Huxley-type cross-bridge models in largeish-scale musculoskeletal models; an evaluation of computational cost

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Abstract

A Huxley-type cross-bridge model is attractive because it is inspired by our current understanding of the processes underlying muscle contraction, and because it provides a unified description of muscle's mechanical behavior and metabolic energy expenditure. In this study, we determined the computational cost for task optimization of a largeish-scale musculoskeletal model in which muscles are represented by a 2-state Huxley-type cross-bridge model. Parameter values defining the rate functions of the Huxley-type cross-bridge model could be chosen such that the steady-state force-velocity relation resembled that of a Hill-type model. Using these parameter values, maximum-height squat jumping was used as the example task to evaluate the computational cost of task optimization for a skeletal model driven by a Huxley-type cross-bridge model. The optimal solutions for the Huxley- and Hill-type muscle models were similar for all mechanical variables considered. Computational cost of the Huxley-type cross-bridge model was much higher than that of the Hill-type model. Compared to the Hill-type model, the number of state variables per muscle was large (2 vs about 18,000), the integration step size had to be about 100 times smaller, and the computational cost per integration step was about 100 times higher.

Original languageEnglish
Pages (from-to)43-48
Number of pages6
JournalJournal of Biomechanics
Volume83
Early online date22 Nov 2018
DOIs
Publication statusPublished - 23 Jan 2019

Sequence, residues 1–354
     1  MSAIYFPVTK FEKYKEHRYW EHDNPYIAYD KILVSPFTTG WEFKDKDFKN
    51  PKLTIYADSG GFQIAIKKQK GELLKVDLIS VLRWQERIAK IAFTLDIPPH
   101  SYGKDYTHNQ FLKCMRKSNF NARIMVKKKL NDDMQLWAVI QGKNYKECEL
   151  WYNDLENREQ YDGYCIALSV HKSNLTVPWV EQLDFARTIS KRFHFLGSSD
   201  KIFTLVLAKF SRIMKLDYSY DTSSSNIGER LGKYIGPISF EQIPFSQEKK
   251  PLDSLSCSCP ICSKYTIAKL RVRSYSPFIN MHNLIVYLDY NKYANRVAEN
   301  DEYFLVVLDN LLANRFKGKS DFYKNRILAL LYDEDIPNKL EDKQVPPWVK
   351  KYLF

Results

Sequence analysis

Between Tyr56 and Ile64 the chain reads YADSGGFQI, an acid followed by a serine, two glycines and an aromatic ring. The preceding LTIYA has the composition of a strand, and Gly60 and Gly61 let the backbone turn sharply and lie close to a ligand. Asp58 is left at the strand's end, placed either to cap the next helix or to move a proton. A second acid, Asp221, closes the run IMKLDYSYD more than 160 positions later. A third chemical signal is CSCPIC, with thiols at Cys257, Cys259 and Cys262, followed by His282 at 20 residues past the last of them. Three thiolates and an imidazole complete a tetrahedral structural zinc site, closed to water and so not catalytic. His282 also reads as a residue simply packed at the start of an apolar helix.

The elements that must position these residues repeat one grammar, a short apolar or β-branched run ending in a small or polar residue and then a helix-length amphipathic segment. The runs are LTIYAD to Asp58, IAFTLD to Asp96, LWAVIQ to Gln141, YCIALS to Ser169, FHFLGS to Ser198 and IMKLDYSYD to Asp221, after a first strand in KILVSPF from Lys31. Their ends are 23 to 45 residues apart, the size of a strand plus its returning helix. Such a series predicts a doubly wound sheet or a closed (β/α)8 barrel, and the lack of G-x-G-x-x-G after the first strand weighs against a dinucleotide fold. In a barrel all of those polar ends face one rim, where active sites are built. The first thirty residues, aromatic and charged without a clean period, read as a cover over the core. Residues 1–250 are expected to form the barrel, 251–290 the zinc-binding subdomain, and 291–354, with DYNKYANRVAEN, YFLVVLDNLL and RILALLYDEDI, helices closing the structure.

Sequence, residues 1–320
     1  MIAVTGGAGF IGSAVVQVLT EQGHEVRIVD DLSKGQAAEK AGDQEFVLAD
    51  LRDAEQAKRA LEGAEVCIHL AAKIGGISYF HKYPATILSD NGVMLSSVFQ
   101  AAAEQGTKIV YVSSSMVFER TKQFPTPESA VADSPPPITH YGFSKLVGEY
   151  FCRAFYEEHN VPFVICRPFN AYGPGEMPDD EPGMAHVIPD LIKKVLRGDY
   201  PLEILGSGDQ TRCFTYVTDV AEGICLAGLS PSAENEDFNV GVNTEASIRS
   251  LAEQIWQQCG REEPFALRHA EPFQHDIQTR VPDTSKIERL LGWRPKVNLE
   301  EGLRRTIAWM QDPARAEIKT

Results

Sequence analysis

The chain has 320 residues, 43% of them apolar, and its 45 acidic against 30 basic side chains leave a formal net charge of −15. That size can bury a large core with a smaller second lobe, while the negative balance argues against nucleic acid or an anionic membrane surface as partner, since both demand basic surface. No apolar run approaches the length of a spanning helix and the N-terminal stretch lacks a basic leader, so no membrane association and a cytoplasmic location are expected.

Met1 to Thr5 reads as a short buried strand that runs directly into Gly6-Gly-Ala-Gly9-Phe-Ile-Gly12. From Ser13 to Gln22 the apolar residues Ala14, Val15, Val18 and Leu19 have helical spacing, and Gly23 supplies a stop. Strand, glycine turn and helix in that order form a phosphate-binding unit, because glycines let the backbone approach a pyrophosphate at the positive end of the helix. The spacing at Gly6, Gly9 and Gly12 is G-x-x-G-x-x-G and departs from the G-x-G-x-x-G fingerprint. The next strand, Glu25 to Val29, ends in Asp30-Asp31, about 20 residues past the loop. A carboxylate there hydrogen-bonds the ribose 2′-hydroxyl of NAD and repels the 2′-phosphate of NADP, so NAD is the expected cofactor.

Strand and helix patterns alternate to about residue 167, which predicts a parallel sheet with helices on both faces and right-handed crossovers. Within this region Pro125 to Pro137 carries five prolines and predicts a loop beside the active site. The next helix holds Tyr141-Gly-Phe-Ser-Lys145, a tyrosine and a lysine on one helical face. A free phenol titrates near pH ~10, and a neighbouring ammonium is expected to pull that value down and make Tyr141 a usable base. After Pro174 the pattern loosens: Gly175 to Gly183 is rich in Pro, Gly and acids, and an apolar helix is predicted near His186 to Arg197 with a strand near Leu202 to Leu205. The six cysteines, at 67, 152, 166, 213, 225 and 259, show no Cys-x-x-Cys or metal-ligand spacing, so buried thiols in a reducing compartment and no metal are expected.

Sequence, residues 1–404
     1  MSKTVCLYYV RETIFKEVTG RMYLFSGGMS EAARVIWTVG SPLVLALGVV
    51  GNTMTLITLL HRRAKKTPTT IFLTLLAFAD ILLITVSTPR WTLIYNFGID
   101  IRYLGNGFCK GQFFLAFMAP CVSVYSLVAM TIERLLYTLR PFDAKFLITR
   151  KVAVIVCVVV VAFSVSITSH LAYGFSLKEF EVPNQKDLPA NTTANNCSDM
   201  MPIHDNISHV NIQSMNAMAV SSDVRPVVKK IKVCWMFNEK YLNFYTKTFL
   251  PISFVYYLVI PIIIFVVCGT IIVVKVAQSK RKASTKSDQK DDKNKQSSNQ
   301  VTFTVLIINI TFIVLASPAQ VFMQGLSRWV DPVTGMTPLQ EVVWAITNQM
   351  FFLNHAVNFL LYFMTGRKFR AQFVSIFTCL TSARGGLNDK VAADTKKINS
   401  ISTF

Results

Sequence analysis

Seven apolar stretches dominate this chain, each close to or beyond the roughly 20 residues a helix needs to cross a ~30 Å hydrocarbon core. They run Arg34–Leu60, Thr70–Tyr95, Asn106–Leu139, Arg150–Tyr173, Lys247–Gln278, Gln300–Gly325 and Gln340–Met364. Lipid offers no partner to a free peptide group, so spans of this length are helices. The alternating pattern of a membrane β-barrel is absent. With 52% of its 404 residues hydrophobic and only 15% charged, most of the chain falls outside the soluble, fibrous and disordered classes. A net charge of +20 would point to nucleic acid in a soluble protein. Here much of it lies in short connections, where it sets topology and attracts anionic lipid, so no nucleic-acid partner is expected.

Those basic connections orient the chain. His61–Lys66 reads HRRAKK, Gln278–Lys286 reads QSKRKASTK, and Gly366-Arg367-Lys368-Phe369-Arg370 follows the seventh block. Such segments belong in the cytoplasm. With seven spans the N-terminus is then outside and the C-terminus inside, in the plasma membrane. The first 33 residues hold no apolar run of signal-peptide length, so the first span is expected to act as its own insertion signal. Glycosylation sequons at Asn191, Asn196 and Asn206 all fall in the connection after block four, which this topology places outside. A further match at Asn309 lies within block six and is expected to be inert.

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Costs and Cost Analysis
Muscles
Costs
Muscle
Muscle Contraction
Energy Metabolism
Mechanical properties

Keywords

  • Forward dynamics
  • Hill
  • Huxley
  • Muscle model
  • Optimization
  • Vertical jumping

Cite this

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title = "Huxley-type cross-bridge models in largeish-scale musculoskeletal models; an evaluation of computational cost",
abstract = "A Huxley-type cross-bridge model is attractive because it is inspired by our current understanding of the processes underlying muscle contraction, and because it provides a unified description of muscle's mechanical behavior and metabolic energy expenditure. In this study, we determined the computational cost for task optimization of a largeish-scale musculoskeletal model in which muscles are represented by a 2-state Huxley-type cross-bridge model. Parameter values defining the rate functions of the Huxley-type cross-bridge model could be chosen such that the steady-state force-velocity relation resembled that of a Hill-type model. Using these parameter values, maximum-height squat jumping was used as the example task to evaluate the computational cost of task optimization for a skeletal model driven by a Huxley-type cross-bridge model. The optimal solutions for the Huxley- and Hill-type muscle models were similar for all mechanical variables considered. Computational cost of the Huxley-type cross-bridge model was much higher than that of the Hill-type model. Compared to the Hill-type model, the number of state variables per muscle was large (2 vs about 18,000), the integration step size had to be about 100 times smaller, and the computational cost per integration step was about 100 times higher.",
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